, the Curse and Doom of the New World, whose midwife and... victim was a historical personage Diaz will only call the Admiral, in deference to the belief that uttering his name brings bad luck (hint: he arrived in the New World in 1492 and his initials are CC). By the prologue's end, it's clear that this story of one poor guy's cursed life will also be the story of how 500 years of historical and familial bad luck shape the destiny of its fat, sad, smart, lovable and short-lived protagonist. The book's pervasive sense of doom is offset by a rich and playful prose that embodies its theme of multiple nations, cultures and languages, often shifting in a single sentence from English to Spanish, from Victorian formality to Negropolitan vernacular, from Homeric epithet to dirty bilingual insult. Even the presumed reader shape-shifts in the estimation of its in-your-face narrator, who addresses us variously as folks, you folks, conspiracy-minded-fools, Negro, Nigger and plataneros. So while Diaz assumes in his reader the same considerable degree of multicultural erudition he himself possesses—offering no gloss on his many un-italicized Spanish words and expressions (thus beautifully dramatizing how linguistic borders, like national ones, are porous), or on his plethora of genre and canonical literary allusions—he does helpfully footnote aspects of Dominican history, especially those concerning the bloody 30-year reign of President Rafael Leónidas Trujillo. The later Oscar chapters lack the linguistic brio of the others, and there are exposition-clogged passages that read like summaries of a longer narrative, but mostly this fierce, funny, tragic book is just what a reader would have hoped for in a novel by Junot Diaz.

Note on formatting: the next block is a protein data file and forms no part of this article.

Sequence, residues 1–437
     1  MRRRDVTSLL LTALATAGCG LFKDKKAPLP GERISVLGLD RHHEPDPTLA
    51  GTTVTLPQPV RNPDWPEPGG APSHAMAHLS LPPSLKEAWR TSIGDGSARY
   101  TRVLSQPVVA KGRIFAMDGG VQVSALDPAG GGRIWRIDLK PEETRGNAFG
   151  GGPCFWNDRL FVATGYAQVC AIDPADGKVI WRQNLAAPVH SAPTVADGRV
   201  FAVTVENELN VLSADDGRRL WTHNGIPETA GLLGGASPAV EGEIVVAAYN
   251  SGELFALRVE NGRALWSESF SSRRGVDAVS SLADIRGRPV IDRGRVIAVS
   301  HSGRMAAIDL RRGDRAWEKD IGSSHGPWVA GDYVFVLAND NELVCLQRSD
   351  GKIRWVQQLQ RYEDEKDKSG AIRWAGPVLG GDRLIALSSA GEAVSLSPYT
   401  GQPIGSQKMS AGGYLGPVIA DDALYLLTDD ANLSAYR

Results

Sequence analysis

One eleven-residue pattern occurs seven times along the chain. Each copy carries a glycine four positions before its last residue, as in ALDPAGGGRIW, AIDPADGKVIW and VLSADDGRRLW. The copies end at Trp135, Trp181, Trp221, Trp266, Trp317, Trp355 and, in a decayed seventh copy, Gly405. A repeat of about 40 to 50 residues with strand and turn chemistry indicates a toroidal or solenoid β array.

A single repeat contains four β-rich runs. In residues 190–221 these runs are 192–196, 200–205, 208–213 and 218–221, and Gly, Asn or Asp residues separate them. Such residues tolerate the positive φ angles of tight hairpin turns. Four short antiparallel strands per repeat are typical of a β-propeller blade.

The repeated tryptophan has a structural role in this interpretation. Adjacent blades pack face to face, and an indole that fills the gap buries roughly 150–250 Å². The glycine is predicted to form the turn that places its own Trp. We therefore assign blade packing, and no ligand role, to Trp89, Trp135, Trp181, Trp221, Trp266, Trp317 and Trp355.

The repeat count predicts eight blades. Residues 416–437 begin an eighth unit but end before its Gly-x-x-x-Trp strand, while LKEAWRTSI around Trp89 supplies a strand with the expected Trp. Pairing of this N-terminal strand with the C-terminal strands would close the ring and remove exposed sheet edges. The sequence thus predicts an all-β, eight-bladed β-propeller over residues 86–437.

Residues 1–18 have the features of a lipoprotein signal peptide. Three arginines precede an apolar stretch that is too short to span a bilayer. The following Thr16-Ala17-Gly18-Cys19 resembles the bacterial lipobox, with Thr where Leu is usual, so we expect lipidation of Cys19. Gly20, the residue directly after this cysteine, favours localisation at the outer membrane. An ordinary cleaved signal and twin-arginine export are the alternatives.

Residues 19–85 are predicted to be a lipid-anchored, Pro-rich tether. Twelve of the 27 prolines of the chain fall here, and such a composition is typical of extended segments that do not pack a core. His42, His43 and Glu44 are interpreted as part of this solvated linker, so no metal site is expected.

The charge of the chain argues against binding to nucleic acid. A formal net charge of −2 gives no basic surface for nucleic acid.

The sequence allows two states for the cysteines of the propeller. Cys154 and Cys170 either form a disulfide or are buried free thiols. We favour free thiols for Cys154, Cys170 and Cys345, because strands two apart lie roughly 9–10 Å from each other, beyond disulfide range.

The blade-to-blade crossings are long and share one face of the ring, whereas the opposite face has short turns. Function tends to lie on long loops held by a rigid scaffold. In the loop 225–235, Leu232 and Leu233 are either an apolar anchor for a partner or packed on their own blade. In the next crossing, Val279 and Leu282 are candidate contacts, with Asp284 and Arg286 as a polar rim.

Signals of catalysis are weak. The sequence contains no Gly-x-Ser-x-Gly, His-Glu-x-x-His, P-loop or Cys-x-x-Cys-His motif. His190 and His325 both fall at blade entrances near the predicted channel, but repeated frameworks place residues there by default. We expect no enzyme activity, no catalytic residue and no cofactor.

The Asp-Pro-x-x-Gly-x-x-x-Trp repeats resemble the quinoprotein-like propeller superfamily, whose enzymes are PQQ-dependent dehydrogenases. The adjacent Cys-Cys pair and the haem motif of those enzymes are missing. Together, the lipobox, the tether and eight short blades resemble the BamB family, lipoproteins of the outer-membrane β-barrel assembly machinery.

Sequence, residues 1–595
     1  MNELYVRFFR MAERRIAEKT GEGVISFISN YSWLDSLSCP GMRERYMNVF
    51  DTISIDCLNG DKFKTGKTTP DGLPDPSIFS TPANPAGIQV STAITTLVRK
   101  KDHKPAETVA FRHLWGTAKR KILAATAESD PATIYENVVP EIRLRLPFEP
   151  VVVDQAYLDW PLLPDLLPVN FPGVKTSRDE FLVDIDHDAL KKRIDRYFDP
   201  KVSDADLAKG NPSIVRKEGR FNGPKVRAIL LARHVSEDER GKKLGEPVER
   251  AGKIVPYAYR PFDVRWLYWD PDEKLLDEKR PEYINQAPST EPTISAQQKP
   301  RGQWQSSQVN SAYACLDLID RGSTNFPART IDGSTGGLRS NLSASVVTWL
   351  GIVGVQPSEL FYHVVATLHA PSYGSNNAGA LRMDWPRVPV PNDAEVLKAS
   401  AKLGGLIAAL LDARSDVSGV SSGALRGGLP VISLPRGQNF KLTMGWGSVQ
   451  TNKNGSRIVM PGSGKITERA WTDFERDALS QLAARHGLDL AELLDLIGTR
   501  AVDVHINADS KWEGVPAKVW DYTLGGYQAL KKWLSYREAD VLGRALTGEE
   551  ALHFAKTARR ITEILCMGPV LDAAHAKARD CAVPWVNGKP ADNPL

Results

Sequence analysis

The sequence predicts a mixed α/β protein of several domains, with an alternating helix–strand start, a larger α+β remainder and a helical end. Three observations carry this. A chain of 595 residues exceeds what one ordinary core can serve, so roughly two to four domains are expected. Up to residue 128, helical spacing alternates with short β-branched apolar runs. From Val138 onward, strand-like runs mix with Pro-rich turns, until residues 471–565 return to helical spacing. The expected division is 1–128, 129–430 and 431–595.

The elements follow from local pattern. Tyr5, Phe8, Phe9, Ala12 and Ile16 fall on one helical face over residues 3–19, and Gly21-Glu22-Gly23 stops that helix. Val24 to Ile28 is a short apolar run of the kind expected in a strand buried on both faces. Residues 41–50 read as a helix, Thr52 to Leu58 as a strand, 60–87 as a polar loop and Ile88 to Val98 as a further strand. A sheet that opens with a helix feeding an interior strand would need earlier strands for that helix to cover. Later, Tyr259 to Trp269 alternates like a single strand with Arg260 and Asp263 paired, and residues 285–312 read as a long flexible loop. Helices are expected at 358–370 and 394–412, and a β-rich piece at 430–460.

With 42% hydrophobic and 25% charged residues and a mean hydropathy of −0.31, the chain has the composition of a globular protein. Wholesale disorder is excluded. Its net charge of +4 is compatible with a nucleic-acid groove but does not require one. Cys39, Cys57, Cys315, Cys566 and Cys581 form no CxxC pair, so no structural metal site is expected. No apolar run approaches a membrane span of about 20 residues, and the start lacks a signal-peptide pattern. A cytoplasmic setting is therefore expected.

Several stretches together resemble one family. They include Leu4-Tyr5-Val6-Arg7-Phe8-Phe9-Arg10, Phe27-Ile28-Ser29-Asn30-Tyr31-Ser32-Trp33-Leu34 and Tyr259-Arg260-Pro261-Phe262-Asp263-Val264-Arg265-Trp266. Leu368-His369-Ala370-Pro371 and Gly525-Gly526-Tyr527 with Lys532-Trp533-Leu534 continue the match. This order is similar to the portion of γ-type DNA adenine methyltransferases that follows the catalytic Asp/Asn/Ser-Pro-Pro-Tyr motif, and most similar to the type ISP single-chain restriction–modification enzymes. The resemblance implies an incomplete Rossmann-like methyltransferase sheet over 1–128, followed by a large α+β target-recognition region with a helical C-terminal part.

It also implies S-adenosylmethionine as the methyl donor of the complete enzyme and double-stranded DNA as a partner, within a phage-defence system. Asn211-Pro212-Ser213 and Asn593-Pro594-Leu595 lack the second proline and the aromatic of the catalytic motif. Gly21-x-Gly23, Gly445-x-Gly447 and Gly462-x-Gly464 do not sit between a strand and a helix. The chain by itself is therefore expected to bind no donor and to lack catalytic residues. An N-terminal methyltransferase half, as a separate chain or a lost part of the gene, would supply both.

Matthew Sharpe is the author of the novels Jamestown
and The Sleeping Father
. He teaches at Wesleyan University.
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| ||Escape from Mr. Lemoncello's library|
by Chris Grabenstein
Publishers Weekly Librarians and English teachers will happily recommend this adventurous romp from Grabenstein (the Riley Mack books), which pays playful homage to books and libraries while engaging readers in a fast-paced competition involving research and reasoning skills. Twelve seventh-graders win a chance to spend an overnight lock-in previewing their town's new public library-it's a marvel of technological delights conceived by Luigi Lemoncello, the Willy Wonkalike founder of Mr. Lemoncello's Imagination Factory, which is a source for every kind of game imaginable. During the lock-in the winners, who include game-lover Kyle Keeley and a group of multicultural classmates with a mix of aptitudes and interests, are offered a further challenge: "Find your way out of the library using only what's in the library." The winner will become spokesperson for the Imag-ination Factory. Book lovers will relish the lavish sprinkling of book titles and references while puzzle fans will enjoy figuring out the clues. A lighthearted parody of reality survival shows, the book reinvigorates the debate over the Dewey Decimal system and traditional library skills while celebrating teamwork, perseverance, and clever wits. Ages 9-12. Agent: Eric Myers, the Spieler Agency. (June) (c) Copyright PWxyz, LLC. All rights reserved.